(When Wind Bends)

So ironic how a platonic
relationship can flip
from innocence of centered Zen
to inner sins of citizens.
This is a story of two very good friends:
Kim wore the scent of youth and Lee bore the coat of gents.
Together, however, they weathered up a gust of dust.
Endeavor they never; the wind’s breath of trust.
But when their eyes touched, it was much like blades of swords.
Something more cut through their core
and etched a thirst of no remorse.

Kim’s father lived farther east in the Palace of Peace.
He was the Emperor’s brother; her mother was a king’s niece.
Every morning, Kim would come and bring her uncle tea from green leaves.
But upon, one early dawn, he set her on a bending tree.
He said, “Sometimes the wind can bend the strongest, longest, fondest tree.
But always remember, its bender is a pretender of the free.
It chases after the leaves and teases the tree’s roots.
The wind thinks it’s superior; the tree’s inferior to move.
How truly it’s the tree that’s free for it’s grounded for eternity.
But the wind will live and die like a distant memory.”

Lee’s father was a pauper and a clown to the town.
His mother lived with her mother and always carried a frown.
But his parents taught him well; to believe in himself.
They believed he could achieve if he put his pride on the shelf.
One day, Lee was talking, while walking with friends to school.
And between his scattered chatter, he saw something truly blue.
It was caught in a knot on a tree in the wind.
He gently took it off and saw letters engraved in.
He put it in his pocket and they rocketed to school.
He knew that the master would faster know what to do.
So after class they asked the master if this scarf he knew.
“Of course, his voice was hoarse, it is of the Emperor Wu.
The initials K. W. probably all of you know too.
It is his precious treasure, his niece Kimberly Wu.

Lee mailed it to the palace with a letter of his thoughts.
He wrote about his dreams, his friends and master lessons taught.
So many seasons passed, he’d cast his last of asking sprees
to hear from her he feared incurred miracles of glee.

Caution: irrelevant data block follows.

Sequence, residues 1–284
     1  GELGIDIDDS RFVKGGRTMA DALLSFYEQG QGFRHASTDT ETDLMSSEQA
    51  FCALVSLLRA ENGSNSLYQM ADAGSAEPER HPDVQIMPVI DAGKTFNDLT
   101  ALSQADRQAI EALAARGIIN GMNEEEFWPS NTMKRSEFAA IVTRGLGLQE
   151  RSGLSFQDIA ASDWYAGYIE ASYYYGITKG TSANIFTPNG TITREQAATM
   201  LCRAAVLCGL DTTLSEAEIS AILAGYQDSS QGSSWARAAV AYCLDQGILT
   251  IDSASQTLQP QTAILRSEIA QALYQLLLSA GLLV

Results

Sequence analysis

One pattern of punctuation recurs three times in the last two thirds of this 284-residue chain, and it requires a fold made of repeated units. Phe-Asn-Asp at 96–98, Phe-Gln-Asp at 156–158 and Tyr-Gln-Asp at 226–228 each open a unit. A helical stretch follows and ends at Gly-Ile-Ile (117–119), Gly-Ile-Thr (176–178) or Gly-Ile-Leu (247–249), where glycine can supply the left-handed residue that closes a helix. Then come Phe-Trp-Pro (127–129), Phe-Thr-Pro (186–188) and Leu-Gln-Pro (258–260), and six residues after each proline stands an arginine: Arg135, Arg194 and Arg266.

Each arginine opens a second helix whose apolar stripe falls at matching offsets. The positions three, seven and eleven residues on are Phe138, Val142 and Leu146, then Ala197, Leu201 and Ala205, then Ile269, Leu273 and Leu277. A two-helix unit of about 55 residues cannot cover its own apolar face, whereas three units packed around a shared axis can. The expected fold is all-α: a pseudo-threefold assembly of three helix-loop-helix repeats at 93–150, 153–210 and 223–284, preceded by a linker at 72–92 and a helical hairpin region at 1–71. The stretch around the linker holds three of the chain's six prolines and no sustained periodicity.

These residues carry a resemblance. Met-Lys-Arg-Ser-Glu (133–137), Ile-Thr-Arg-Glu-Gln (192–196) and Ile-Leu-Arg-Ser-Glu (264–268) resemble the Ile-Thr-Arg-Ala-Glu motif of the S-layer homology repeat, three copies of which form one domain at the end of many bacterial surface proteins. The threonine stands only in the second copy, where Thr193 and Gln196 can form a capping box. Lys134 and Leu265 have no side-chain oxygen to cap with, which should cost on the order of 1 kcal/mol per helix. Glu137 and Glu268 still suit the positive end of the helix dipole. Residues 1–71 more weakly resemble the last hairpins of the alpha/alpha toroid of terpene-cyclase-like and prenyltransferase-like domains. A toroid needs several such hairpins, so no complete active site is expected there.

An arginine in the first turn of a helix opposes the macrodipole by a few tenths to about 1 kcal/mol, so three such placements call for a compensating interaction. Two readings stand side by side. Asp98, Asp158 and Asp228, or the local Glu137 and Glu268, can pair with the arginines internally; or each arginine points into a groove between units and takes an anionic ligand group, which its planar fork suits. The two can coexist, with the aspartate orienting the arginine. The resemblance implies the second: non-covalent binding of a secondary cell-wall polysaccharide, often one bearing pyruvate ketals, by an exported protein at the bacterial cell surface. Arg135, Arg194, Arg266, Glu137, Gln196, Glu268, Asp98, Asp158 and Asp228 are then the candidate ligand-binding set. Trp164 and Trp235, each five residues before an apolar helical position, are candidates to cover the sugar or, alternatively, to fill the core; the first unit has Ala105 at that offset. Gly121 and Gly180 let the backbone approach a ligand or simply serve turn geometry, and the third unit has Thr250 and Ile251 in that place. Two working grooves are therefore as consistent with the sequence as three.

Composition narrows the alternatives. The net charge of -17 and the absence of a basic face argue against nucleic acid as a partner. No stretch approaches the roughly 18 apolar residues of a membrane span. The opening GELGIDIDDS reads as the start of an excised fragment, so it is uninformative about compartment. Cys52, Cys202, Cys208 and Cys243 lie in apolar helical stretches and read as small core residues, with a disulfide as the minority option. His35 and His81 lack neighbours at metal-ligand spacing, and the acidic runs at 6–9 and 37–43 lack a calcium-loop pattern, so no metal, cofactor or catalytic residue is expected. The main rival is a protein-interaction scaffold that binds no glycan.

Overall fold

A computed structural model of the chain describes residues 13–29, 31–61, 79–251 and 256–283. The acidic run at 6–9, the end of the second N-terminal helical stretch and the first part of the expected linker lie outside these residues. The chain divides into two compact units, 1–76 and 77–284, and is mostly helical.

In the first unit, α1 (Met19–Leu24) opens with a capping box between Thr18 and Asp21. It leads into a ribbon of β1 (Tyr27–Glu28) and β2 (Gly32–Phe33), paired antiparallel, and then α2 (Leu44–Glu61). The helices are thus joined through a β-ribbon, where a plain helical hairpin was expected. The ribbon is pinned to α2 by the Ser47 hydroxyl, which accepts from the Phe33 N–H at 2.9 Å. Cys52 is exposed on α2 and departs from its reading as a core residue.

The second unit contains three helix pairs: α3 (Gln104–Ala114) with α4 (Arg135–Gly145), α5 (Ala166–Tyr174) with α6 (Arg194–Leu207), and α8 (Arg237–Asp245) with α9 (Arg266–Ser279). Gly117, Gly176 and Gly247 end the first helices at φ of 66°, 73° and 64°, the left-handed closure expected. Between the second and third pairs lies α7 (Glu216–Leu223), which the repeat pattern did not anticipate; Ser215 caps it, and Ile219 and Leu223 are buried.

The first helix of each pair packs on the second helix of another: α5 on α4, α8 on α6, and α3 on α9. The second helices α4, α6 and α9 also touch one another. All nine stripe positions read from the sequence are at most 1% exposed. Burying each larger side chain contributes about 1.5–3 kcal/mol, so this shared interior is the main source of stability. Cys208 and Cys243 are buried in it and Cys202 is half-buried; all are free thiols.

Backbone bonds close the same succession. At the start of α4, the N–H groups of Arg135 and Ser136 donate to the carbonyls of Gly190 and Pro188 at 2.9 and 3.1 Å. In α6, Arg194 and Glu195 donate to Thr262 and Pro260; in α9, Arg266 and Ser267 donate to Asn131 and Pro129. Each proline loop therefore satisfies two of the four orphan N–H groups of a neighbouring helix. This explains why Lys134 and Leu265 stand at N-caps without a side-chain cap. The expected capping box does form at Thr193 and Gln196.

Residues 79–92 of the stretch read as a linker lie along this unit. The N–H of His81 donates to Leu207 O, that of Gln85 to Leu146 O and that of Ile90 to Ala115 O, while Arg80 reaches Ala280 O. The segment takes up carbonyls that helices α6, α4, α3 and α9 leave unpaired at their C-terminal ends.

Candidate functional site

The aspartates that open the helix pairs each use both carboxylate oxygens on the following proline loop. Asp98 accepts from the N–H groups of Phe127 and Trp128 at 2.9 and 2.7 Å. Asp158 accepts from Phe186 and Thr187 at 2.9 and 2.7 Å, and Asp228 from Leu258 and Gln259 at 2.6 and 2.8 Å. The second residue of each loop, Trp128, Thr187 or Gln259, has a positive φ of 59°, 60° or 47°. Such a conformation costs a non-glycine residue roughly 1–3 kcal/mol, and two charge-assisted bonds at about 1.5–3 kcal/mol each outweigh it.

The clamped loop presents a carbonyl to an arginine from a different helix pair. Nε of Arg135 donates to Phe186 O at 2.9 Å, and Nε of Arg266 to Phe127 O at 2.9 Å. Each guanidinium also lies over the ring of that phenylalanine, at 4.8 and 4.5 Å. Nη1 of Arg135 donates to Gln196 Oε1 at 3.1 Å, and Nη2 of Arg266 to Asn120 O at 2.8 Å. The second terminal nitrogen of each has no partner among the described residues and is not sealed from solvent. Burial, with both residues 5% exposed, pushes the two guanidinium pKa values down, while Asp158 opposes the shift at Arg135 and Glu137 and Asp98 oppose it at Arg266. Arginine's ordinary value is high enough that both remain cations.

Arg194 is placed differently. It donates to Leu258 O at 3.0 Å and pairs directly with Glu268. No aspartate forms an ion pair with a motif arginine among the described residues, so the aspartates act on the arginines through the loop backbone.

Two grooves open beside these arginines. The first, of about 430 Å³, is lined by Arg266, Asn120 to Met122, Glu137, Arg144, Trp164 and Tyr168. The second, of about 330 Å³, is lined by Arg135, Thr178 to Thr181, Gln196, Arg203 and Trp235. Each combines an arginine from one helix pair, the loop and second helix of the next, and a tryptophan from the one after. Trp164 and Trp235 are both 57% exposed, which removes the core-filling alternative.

But sure enough one day, he heard from Kim indeed
and jumped so high he split his pants from bottom to his knee.
From that day on, they were pen pals, from miles and miles of smiles
they shared and cared and bared their days, their ways and their trials.
Lee’s father was now respected for bringing up so smart a son.
And his mother lost her frown, she was finally having fun.
Kim’s uncle’s honor grew for every one knew,
He was for the people and better times were due.

Now many years had passed and they yearned for the day to come
to stand face to face and meet; now that they weren’t as young.
So Kim begged and begged and begged and even hugged her father’s leg
and finally, yes, finally, her request for a dance was said.
Both Lee and Kim prepared for this incredible ballroom affair.
Lee taught his father how to walk and his mother to talk fair.
Kim touched her uncle’s heart to tears, sharing caring letters from Lee.
They wanted their families to see beyond lineage, money or royalty.

So the dance was a blast and alas Lee saw Kim and gasped.
His heart screamed heavenly and he unclasped his mother’s grasp.
Kim walked into the ballroom and didn’t have to ask.
Lee’s eyes spoke to her heart and her innocence was past.
Never turning, their flesh burning, and maybe, just perhaps,
unmasked the task of a sunrise that was forever made to last.
A son and a daughter became one with dance.
Their movements so melodic it stirred all into a trance.
They found in the melodies their hearts and in return, friendship was lost.
For the gift of newfound love sometimes loss is the cost.

Lee’s mother spoke eloquently
as Kim’s father held her gently
and they danced and fancied
such a lovely evening.
Kim’s mother walked proudly
with Lee’s father, so majestically.
Onlookers drank wine and spent most of their dine
praising the Emperor for a time so divine.
And at night’s end, it was to begin
a breeze of a wind by Lee and his “precious” Kim.
They were together, everyone knew and everyone grinned
for it was a great time for all to be living in.

It became harder and harder for Kim to see farther
than an hour of Lee so she told her father.
He said, “Why bother? You’re my daughter
and deserve more than a pauper.”
Then it hit her like a twister of wind to her chin
as the roots of his feelings were pulled out of him.
“The dance was the past, a fun time at that,
but dare do not ask your father to bask.” Kim gasped.

So to her parent’s dismay, Kim ran away.
On that day, the whole town wore gray.
Some say, Lee found a town just south of a bay
far from the searches of the Emperor’s way.
Their first night as one, it seemed Lee and Kim won
because no one, had done, what these two had done.
But the roots that were initially grounded from Lee and Kim
were uprooted by the way they took off free as the wind.
The emperor tore the surrounding towns apart.
Lee’s mom and dad were thrown in dungeon dark.
The Emperor searched as his horses kicked dirt.
The swords of his men, many did hurt.
Kim’s mother and father fought harder than anyone could,
they searched all the forests and deep in the woods.

And to this very day, their families aren’t sound,
but there is a saying that goes around town,
“When wind bends, plant your feet in the ground,
so when it does stop, you’ll always be found.”



Chatsworth, United States

  • Artist

Artist's Description

When a young boy finds a royal scarf, it leads him to the love of his life and the loss of his family.

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